Expectations for near record crowds of visitors converging on northeast Kansas and southeast Nebraska to witness the solar eclipse appear on a track not to disappoint. A significant uptick in travelers, and particularly out of state guests, began building as early as Friday.
Guests from as far away as Switzerland had logged in at the Marshall County Visitors Center. As the weekend progressed, especially Sunday, the numbers continued to increase. Many are staking lookout sites locally, and many local residents are hosting family and friends as well. Others will continue journeys a bit further to capture the maximum totality, particularly north towards Beatrice, and east toward Hiawatha.
Marysville sought to share some of the visitors’ attention with activities Sunday. The Black Squirrel Scavenger Hunt proved popular, as many were delighted with the solar eclipse glasses they wore. A warm afternoon greeted a steady crowd for the Band Jam, and the day concluded with a glow run in the City Park. Tourists from states as far away as Massachusetts, Texas, and Oklahoma were among many others from Kansas that stopped for a bit in Marysville.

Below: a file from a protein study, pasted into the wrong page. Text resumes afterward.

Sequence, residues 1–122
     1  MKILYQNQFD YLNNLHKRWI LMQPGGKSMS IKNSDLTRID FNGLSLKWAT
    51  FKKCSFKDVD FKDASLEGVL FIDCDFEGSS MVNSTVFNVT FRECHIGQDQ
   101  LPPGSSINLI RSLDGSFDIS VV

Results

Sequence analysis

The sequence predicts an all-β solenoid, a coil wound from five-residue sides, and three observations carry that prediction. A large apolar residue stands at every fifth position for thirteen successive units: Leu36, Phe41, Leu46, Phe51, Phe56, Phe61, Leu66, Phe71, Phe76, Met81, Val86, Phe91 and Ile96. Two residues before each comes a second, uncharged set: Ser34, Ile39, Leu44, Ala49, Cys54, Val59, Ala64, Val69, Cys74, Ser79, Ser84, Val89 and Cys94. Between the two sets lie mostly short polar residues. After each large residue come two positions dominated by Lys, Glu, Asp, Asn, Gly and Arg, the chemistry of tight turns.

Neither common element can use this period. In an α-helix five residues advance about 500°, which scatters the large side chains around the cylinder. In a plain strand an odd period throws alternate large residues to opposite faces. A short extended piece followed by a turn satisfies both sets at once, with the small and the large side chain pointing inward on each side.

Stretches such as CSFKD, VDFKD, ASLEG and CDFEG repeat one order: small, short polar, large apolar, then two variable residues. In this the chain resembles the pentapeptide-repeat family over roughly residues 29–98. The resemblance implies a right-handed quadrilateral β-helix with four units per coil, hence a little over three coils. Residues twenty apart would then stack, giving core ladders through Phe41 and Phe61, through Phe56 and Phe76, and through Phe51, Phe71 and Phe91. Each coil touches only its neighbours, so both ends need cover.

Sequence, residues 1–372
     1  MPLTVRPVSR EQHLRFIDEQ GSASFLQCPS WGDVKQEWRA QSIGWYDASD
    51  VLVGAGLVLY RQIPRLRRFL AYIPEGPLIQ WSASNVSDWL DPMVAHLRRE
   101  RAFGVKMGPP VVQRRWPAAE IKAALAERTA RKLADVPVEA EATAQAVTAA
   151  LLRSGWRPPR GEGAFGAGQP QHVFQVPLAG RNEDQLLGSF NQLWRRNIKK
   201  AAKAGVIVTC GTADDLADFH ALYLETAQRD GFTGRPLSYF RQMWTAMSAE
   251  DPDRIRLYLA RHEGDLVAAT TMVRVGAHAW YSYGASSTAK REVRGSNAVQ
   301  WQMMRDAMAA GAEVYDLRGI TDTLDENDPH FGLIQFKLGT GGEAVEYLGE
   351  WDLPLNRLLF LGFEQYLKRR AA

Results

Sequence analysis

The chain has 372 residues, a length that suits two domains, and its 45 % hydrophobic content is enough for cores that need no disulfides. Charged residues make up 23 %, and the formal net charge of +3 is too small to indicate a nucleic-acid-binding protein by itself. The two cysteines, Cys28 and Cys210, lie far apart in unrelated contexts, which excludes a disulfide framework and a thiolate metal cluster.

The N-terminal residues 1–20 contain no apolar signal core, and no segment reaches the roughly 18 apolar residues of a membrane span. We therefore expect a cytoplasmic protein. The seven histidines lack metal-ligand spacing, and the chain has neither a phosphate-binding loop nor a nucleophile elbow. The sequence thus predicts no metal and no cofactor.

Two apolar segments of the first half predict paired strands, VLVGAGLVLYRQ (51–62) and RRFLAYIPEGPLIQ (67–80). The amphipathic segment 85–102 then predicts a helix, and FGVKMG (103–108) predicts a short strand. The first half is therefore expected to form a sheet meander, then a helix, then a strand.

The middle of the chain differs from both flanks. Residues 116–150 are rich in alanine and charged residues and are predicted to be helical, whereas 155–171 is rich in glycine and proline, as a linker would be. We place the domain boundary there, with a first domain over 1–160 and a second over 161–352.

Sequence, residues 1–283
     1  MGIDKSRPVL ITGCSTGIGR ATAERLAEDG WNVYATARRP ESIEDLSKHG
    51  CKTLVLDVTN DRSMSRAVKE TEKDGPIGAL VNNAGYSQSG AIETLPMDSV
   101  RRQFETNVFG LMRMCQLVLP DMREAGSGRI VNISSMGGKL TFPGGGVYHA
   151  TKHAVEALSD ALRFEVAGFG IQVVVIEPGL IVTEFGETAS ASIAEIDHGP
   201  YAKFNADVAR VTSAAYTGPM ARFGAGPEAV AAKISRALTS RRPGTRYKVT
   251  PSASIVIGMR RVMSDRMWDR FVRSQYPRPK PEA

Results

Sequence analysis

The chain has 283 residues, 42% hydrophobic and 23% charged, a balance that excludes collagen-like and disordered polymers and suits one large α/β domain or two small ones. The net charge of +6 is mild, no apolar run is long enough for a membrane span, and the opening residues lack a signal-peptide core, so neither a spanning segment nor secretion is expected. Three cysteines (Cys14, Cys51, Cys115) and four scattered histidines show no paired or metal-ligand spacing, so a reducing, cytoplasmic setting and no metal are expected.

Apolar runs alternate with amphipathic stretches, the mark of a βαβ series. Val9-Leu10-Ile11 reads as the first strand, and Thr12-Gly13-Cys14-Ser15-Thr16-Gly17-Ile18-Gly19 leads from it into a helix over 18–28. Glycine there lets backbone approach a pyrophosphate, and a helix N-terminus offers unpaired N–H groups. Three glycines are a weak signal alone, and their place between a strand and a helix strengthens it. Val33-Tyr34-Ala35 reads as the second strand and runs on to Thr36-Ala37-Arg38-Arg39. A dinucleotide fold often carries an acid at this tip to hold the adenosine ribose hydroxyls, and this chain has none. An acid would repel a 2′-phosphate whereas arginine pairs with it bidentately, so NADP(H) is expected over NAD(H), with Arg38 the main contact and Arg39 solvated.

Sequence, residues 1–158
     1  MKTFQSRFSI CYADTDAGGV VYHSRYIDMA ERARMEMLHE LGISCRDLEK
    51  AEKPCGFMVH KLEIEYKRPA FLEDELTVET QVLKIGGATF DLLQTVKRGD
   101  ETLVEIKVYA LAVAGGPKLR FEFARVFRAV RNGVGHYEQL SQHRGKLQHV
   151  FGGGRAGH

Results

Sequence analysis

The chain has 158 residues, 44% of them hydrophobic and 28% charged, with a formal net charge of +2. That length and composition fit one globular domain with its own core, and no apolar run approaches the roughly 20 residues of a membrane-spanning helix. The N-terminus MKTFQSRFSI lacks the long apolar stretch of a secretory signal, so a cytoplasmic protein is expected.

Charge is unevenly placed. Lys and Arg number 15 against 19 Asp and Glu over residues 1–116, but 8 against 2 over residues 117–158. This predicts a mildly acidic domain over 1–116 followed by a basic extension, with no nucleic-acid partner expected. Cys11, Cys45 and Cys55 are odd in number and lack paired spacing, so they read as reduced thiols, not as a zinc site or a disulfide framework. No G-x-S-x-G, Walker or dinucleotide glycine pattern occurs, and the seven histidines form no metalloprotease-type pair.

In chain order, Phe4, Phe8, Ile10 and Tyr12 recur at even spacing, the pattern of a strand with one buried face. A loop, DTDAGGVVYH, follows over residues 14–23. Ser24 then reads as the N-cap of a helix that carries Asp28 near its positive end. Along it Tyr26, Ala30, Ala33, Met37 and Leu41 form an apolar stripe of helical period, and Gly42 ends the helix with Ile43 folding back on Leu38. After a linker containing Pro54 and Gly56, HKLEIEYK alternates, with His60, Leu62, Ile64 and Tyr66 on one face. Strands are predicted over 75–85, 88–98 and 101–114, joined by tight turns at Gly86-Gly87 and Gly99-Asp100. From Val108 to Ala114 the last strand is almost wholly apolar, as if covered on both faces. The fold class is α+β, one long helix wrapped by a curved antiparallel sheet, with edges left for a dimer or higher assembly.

Several merchants and restaurants extending hours to accommodate. The most popular destinations were those offering eclipse memorabilia, and any rumored to still have the short supply of eclipse glasses on hand. They were in short supply, and motel accommodations were also sold out Sunday evening.
Beatrice, which expected huge crowds for events at the Homestead National Monument was so overwhelmed with numbers that shuttle bus routes were reduced to one, and the Gage County Fairgrounds served as a secondary staging point for the overflow.
Northeast Kansas was also in the national spotlight as ABC News converged on Troy for an evening report on their radio and television network. Those and other communities plan additional activities today, and traffic is expected to remain heavy as everyone now nervously watches the weather forecast to see if the moon, or afternoon clouds, will obscure the sun today.